Illinois, which has the worst-funded state pension system in the United States, has agreed to settle federal civil securities fraud charges alleging it repeatedly misled municipal bond investors about the underfunding of its pensions, the Securities and Exchange Commission said.
Illinois neither admitted nor denied the charges and was not ordered to pay a penalty. It agreed to change its practices to more fully disclose risks to bond investors, the SEC said Monday.
The settlement of charges that Illinois failed from 2005 to early 2009 to fully tell investors the risks of buying $2.2 billion worth of its municipal bonds is the latest blow to the state's reputation as fiscally troubled and crippled by a pension shortfall of $98.6 billion.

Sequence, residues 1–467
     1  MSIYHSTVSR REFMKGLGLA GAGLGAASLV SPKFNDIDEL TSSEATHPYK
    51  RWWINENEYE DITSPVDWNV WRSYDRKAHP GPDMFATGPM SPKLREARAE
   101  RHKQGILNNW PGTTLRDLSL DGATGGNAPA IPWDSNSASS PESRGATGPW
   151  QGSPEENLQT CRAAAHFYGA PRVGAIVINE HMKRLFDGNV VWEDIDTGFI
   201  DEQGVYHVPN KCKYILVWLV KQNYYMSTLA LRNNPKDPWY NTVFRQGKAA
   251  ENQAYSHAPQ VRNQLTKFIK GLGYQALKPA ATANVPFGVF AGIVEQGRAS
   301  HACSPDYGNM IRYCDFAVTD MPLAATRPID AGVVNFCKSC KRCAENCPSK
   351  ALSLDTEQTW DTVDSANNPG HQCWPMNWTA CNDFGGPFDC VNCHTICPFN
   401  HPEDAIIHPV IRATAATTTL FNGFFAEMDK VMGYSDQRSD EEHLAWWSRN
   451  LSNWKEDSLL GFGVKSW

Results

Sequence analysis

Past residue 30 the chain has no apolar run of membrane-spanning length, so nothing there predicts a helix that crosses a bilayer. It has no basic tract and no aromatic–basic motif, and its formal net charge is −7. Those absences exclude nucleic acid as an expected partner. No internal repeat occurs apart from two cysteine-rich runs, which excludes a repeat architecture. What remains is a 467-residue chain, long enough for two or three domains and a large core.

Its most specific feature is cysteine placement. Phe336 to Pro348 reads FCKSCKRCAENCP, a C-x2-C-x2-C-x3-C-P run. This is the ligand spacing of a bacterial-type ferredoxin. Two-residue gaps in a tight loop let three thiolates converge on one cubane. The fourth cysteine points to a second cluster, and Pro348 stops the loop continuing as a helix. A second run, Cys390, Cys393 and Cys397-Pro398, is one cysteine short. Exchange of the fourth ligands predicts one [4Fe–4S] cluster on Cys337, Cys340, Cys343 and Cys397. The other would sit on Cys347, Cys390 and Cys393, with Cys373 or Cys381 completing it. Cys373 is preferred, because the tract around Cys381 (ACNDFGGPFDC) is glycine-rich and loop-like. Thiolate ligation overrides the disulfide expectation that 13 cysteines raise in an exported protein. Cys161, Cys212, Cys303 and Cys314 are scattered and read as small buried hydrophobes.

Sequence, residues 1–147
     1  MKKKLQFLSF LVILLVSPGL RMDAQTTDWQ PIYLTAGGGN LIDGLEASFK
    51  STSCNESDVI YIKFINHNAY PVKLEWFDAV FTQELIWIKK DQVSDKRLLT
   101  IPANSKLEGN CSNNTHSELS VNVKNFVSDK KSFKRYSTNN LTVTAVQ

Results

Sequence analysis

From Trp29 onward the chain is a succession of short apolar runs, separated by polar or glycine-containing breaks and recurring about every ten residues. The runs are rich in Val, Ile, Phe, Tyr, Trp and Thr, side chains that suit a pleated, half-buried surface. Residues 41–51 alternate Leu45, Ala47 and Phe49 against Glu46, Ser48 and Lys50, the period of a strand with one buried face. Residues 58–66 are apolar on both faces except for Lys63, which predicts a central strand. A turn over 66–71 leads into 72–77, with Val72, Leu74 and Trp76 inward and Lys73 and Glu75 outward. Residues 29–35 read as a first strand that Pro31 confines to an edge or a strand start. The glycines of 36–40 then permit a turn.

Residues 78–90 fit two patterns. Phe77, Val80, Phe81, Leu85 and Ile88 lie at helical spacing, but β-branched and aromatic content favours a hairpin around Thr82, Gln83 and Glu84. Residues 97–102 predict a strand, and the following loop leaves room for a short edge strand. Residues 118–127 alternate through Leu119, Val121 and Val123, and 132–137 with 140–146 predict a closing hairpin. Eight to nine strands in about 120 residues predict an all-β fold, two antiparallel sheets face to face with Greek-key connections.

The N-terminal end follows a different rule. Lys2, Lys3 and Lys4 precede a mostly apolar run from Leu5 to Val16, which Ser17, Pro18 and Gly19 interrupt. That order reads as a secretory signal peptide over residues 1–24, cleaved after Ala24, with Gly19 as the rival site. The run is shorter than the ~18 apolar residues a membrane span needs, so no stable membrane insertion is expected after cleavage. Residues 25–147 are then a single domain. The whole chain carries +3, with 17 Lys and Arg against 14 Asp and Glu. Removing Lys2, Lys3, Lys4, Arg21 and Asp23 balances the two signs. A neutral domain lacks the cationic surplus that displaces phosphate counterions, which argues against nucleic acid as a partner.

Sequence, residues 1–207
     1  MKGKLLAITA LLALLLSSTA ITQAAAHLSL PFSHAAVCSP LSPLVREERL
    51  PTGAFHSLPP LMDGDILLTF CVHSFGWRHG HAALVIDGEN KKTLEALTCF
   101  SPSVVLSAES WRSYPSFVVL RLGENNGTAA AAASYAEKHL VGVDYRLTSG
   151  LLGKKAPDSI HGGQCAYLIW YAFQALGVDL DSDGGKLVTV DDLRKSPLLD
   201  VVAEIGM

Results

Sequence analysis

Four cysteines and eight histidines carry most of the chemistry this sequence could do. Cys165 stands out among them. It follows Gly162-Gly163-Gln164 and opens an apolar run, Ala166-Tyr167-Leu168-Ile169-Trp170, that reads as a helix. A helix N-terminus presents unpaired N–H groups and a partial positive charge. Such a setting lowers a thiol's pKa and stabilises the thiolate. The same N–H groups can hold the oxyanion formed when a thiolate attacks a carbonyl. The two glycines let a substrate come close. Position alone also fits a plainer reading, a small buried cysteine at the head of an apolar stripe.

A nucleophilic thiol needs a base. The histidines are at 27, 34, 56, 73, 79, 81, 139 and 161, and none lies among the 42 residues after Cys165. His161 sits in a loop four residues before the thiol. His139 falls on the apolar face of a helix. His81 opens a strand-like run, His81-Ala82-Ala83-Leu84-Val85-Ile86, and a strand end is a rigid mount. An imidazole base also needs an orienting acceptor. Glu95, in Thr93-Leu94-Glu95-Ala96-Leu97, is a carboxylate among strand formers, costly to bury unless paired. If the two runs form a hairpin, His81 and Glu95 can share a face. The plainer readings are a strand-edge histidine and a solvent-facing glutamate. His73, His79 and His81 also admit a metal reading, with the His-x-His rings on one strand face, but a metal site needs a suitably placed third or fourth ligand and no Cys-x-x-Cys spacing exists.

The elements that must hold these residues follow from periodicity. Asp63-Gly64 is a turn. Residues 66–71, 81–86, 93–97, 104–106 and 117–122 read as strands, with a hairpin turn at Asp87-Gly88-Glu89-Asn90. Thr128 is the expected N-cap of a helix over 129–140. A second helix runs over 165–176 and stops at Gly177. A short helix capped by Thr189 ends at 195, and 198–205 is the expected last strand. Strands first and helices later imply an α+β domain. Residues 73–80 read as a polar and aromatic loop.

In official statements accompanying bond offerings Illinois explained that factors such as market performance had contributed to the increase in its unfunded pension liability, but it "misleadingly omitted to disclose the primary driver of the increase - the insufficient contributions," the SEC said.
In order to keep its contributions low, Illinois had developed a complicated system that included "ramp-ups" and "pension holidays," the SEC said.Page 1 of 5 | Next Page